County Executive spokesman Patrick Lacefield has responded to MCGEO's comparative study of management salaries, saying that it is "wholly riddled with factual errors." We carry his response below.
The purported MCGEO study comparing directors pay in the region is wholly riddled with factual errors. Over the years Montgomery County government has always sought to recruit and retain the best individuals to manage the needs of a large, complex, and growing County. The current management salaries are consistent with a trend established by the County at least a dozen years ago. The most telling comparison with Montgomery is Fairfax. The salary numbers for Fairfax County, easily the closest comparison with Montgomery County, are almost totally wrong in the MCGEO study.
MCGEO says that the Fairfax Police Chief and Fire Chief are paid $105,800; they are actually paid $176,366. The Fairfax Finance Director is paid $152,356, not MCGEO’s $100,800. The Fairfax Human Resources Director is paid $152,296, not MCGEO’s $100,800. The Fairfax Budget Director is paid $166,116, not MCGEO’s $100,800. The Fairfax Information Systems Director is paid $174,389, not MCGEO’s $105,800. The Fairfax Library Director is paid $165,403, not MCGEO’s $100,800. This info comes straight from Fairfax County. And on it goes…
In fact, the study is full of errors – top to bottom. Prince George’s Police Chief makes $180,000, not MCGEO’s $98,000. Arlington’s Police Chief makes $163,000, not MCGEO’s $62,000. Arlington’s Information Services director makes $147,000, not MCGEO’s $62,000. Montgomery County’s Fire Chief makes $190,000, not MCGEO’s $211,000. These mistakes –and many more – are available to view in the annual 2010 Local Government Personnel Association Benchmark Salary Survey, which carefully compares salaries in the region. Take a look at the difference between what the Fairfax and Montgomery Chief Administrative Officers are actually paid and the difference is only 14 percent. Chief of Police difference: 22 percent. Fire Chief: 14 percent. County Attorney: 2 percent. Library Director: 7 percent.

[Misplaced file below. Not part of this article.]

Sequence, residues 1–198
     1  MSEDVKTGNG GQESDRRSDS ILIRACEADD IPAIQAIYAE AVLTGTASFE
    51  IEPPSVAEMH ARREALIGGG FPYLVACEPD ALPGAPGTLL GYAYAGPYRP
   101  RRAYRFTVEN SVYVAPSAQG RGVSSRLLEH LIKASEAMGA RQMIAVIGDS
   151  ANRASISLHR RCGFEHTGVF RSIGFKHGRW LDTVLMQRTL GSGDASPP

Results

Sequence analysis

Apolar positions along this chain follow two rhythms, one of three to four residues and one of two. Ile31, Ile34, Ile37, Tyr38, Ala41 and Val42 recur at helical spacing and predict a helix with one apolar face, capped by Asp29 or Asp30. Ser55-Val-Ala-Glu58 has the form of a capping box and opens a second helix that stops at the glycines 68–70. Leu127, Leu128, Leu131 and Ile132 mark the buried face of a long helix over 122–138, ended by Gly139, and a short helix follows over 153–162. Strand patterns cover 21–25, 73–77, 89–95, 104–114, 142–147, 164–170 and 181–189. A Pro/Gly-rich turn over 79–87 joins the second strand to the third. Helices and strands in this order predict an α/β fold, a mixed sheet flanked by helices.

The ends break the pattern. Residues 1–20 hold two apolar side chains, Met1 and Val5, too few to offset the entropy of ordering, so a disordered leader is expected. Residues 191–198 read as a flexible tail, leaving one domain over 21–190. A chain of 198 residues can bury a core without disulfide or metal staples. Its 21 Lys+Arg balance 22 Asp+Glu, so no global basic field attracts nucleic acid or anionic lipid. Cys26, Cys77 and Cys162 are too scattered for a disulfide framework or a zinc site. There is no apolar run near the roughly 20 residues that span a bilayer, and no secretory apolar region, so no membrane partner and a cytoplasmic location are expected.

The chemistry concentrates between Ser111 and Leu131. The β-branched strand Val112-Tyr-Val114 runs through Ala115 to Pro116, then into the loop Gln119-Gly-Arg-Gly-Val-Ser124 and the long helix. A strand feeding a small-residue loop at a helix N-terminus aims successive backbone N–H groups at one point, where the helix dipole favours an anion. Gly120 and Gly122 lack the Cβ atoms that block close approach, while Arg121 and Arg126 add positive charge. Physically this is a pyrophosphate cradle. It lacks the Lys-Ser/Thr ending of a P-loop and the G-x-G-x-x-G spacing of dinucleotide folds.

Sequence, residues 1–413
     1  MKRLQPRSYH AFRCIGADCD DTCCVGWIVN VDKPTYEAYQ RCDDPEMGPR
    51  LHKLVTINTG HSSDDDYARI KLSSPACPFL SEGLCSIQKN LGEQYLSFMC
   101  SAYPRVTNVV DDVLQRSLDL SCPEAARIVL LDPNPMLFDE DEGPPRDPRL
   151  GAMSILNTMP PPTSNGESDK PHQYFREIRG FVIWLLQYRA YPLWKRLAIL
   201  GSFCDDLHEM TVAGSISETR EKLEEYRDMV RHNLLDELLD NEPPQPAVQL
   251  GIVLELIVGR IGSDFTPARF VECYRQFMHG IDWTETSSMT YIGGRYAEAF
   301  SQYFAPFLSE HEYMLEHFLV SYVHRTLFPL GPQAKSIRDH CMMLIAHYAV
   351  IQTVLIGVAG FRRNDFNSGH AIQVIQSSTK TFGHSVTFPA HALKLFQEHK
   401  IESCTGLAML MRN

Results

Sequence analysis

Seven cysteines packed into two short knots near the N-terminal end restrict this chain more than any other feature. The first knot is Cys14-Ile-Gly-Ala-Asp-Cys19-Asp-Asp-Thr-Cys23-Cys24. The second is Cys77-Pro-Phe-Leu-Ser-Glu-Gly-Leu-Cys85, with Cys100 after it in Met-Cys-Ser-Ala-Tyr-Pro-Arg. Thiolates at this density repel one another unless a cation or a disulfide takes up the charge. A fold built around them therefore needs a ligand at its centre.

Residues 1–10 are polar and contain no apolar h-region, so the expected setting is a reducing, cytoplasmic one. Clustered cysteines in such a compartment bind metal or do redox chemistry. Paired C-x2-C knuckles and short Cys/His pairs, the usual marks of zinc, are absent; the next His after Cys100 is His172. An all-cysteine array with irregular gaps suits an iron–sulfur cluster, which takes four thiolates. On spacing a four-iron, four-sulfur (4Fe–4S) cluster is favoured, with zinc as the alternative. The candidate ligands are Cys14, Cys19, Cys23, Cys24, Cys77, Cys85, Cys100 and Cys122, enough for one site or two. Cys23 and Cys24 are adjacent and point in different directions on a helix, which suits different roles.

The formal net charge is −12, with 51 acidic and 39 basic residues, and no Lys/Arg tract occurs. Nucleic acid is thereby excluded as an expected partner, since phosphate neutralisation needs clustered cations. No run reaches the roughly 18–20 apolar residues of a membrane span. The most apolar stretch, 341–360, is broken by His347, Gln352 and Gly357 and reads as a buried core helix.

These are differences, but nothing approaching the differences alleged by the flawed study. Other things to keep in mind:
• Many department directors in other jurisdictions enjoy tenure or merit protection. Montgomery County directors do not enjoy job security – they serve at the will of the County Executive;
• Recently appointed directors in Montgomery County are in the defined contribution pension plan. Nearly all other directors in the region are in defined benefit plans – which are 50 percent or more more generous;
• Differences in job titles and responsibilities can make exact comparisons shaky;
• Pay may vary depending on years on the job. Someone with many years of experience as a director may be paid significantly more than someone starting as a director;
• Nearly all of the jurisdictions used for comparison are less populated than Montgomery County, most significantly smaller; and
• All Montgomery County department directors and the County Executive will be furloughed the same amount of days as other employees.
The County Executive is open to analyzing possible savings from whatever source. Any such savings, however, should be applied to closing the increasing revenue gap – not to substitute for other recommended reductions or add new spending into the budget. We need the recommended reductions already on the table and increased savings from other sources to close the $168 million in tax revenue shortfalls for FY10 and FY11 that have developed since March 15.
Patrick Lacefield, Director
Montgomery County Office of Public Information
P.S. In answering Adam’s entry, of 21 directors appointed by County Executive Leggett in 2006 and 2007, 12 were hired at the same salary paid by County Executive Duncan, three were paid more, and six were paid less. SOURCE: MPW